The Extruder - October 2010

Society of Plastics Engineers South Texas Section

Numerical Screw Position vs. Back Pressures

by Dane Kinchen, Blackwell Plastics Project Engineer

Do you know anyone that has suffered from sleep apnea or snoring? We have worked for years with a doctor that had an idea and vision to create a device to cure these ailments. He is convinced that sleep apnea or chronic lack of oxygen to the brain is a cause of many diseases that we are all familiar with. He is an evangelist for his idea and claims to have cured many people. We received a prototype tool from him that has run lots of production on this prototype tool well beyond its intended life.

The part is a small part with thin walls. The problem we encountered was short shots/non-fill back to back with flash. Some of the flash was due to the wear and tear of the prototype mold on the parting line. We decided it was more cost effective to move to a new mold instead of investing more money into the prototype mold that had run for years. This customer was in need of parts while we built their new mold. This required us to run the old mold in production until the new tool is produced and ready for production. The need for parts and timing for the new mold let us with only one option: to“run it as is”.

After hanging the mold in the press, setting the die height, connecting the thermolators, and getting the heats up, I began programming the settings into the molding machine’s data base from a “set-up sheet”. This set-up was supplied with the mold from the customer who was the previous molder of this part.

I shot the first shots and all went off without a hitch with the exception of a few minor changes that are not enough for me to mention. The parts seemed “fair” but not great.

Flashing of parts because of mold damage presents the molder with three standard options for resolution. The options are a secondary labor operation to trim off the flash, repair of the mold, and accepting the parts as is. Since the mold repair was not feasible, and the defects were unacceptable, this customer asked that we have an operator trim off the flash manually until the new mold is in production and damaged mold is retired.

After one hour of production our quality control staff started checking parts per protocol and noticed that some of the shots needed heavy trimming and some of the shots were short and had non-fill on the very tip of the corner.

Keep in mind that this is polyurethane material, and needs to have free flowing gates and a free flowing check ring to reduce the build-up of friction heat from screw slippage during recovery.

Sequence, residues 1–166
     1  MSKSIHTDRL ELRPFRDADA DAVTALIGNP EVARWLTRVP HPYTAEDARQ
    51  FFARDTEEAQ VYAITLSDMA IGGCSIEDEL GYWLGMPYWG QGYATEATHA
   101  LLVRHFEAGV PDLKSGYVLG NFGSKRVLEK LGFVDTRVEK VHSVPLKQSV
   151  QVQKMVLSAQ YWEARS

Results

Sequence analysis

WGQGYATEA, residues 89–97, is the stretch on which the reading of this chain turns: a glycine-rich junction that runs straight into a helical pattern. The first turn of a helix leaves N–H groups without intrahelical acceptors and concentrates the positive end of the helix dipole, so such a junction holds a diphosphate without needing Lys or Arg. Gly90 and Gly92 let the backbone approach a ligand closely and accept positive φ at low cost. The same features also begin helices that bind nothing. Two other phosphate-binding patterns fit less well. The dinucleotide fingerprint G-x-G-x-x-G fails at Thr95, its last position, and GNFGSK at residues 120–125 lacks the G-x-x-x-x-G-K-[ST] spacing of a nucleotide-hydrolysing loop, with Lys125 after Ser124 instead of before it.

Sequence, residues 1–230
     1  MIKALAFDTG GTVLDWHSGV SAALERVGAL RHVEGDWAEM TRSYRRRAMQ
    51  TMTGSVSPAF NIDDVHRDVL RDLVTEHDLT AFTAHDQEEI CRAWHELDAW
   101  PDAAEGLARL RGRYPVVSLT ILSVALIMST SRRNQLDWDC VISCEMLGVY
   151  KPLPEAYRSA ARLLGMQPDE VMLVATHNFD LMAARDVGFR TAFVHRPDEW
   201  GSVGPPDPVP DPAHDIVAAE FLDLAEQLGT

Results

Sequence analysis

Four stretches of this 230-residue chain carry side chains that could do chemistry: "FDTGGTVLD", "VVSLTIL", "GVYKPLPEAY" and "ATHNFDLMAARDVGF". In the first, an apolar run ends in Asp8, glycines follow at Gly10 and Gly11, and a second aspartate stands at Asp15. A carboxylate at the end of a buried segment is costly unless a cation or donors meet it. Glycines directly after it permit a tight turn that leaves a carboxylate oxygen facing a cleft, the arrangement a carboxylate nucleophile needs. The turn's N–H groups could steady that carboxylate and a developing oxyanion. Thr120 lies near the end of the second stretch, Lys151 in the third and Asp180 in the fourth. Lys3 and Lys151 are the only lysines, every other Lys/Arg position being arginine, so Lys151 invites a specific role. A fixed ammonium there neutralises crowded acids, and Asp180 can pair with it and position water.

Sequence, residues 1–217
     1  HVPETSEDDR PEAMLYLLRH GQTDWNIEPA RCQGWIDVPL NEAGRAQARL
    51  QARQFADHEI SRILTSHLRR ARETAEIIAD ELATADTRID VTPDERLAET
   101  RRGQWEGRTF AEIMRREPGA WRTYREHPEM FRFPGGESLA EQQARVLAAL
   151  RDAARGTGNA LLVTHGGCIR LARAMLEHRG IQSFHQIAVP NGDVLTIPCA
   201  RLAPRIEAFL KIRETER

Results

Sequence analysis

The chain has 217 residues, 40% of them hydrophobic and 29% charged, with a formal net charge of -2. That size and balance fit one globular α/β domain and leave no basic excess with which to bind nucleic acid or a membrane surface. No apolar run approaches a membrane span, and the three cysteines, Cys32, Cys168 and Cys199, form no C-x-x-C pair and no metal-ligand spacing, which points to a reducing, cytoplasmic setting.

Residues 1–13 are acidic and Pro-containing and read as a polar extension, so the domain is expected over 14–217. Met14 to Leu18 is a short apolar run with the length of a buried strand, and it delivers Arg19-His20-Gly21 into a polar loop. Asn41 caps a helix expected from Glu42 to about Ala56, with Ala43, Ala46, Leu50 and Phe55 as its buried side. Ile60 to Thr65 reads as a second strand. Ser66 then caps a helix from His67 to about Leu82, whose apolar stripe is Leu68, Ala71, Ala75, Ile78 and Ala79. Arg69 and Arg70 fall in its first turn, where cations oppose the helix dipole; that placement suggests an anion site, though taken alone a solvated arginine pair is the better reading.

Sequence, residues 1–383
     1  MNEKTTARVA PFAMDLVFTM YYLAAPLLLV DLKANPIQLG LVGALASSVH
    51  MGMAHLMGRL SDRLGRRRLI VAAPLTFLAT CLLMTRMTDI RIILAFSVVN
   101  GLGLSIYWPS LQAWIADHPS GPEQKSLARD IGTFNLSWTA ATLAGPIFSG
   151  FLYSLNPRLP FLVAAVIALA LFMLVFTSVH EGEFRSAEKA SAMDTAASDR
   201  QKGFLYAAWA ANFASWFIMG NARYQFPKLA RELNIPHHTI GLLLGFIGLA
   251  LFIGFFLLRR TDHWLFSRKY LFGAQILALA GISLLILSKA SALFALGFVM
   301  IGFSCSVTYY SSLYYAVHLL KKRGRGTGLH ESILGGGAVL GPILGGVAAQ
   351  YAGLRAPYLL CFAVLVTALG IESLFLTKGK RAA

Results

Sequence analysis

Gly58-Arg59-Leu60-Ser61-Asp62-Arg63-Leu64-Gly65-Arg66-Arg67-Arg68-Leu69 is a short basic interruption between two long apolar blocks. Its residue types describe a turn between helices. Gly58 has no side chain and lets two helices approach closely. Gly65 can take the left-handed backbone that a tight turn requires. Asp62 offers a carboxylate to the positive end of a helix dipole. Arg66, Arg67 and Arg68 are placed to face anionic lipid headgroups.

Knowing this from pervious experiences I began looking into the set-up to try to pin-point why I am having variances. One of the things that jumped out at me was the setting from the set-up sheet did not call out for pressure trips but instead only called out for screw position. This means that instead of pushing the screw to a numerical number and then holding the back pressure to a specific controlled psi for a set amount of time we were simply stopping the screw at a numerical position for a set amount of time.

After mentioning this to one of our senior process engineers he quickly pointed out that the free flowing check ring has a lot more movement than a standard check ring and could have movement as much as plus or minus 0.150. He also noted that there were no pressure trips in place to trigger the machine when the amount of controlled pressure that had been reached to ensure that the mold got filled equally during each shot removing variances from shot to shot. This method sends the screw to the numeric position and continues until the screw has reached the set back pressure for a set amount of time triggering the machine that the parts are filled with the same amount every shot.

Once we made the changes to our program adding the back pressure trigger, quality was improved along with scrap rates due to constant fully filled parts. We notice that shot to shot had virtually zero variances in part appearance and weight. Unfortunately the flash was not improved but we did eliminate short shots and non-fill. Although the flash was not eliminated, it was consistently the same.